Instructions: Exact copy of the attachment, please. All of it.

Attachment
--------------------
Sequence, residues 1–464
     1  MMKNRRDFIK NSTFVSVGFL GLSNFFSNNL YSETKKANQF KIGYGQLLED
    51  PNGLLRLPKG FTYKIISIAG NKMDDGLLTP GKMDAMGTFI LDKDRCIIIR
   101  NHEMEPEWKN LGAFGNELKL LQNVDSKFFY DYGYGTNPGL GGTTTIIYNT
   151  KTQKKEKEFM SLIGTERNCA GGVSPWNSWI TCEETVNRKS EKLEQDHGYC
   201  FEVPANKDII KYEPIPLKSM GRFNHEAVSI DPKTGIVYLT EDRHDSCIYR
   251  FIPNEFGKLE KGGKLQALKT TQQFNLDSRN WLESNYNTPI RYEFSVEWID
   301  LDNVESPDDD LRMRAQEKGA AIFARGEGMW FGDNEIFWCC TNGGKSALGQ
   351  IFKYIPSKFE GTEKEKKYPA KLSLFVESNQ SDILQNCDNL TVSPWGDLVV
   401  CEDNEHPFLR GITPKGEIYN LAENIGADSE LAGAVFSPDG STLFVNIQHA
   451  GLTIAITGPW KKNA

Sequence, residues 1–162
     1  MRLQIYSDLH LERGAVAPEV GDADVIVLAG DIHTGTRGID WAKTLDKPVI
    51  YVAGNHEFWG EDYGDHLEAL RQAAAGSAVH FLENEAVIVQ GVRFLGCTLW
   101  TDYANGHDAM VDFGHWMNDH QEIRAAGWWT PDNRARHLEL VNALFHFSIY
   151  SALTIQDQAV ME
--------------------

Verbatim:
Sequence, residues 1–464
     1  MMKNRRDFIK NSTFVSVGFL GLSNFFSNNL YSETKKANQF KIGYGQLLED
    51  PNGLLRLPKG FTYKIISIAG NKMDDGLLTP GKMDAMGTFI LDKDRCIIIR
   101  NHEMEPEWKN LGAFGNELKL LQNVDSKFFY DYGYGTNPGL GGTTTIIYNT
   151  KTQKKEKEFM SLIGTERNCA GGVSPWNSWI TCEETVNRKS EKLEQDHGYC
   201  FEVPANKDII KYEPIPLKSM GRFNHEAVSI DPKTGIVYLT EDRHDSCIYR
   251  FIPNEFGKLE KGGKLQALKT TQQFNLDSRN WLESNYNTPI RYEFSVEWID
   301  LDNVESPDDD LRMRAQEKGA AIFARGEGMW FGDNEIFWCC TNGGKSALGQ
   351  IFKYIPSKFE GTEKEKKYPA KLSLFVESNQ SDILQNCDNL TVSPWGDLVV
   401  CEDNEHPFLR GITPKGEIYN LAENIGADSE LAGAVFSPDG STLFVNIQHA
   451  GLTIAITGPW KKNA

Sequence, residues 1–162
     1  MRLQIYSDLH LERGAVAPEV GDADVIVLAG DIHTGTRGID WAKTLDKPVI
    51  YVAGNHEFWG EDYGDHLEAL RQAAAGSAVH FLENEAVIVQ GVRFLGCTLW
   101  TDYANGHDAM VDFGHWMNDH QEIRAAGWWT PDNRARHLEL VNALFHFSIY
   151  SALTIQDQAV ME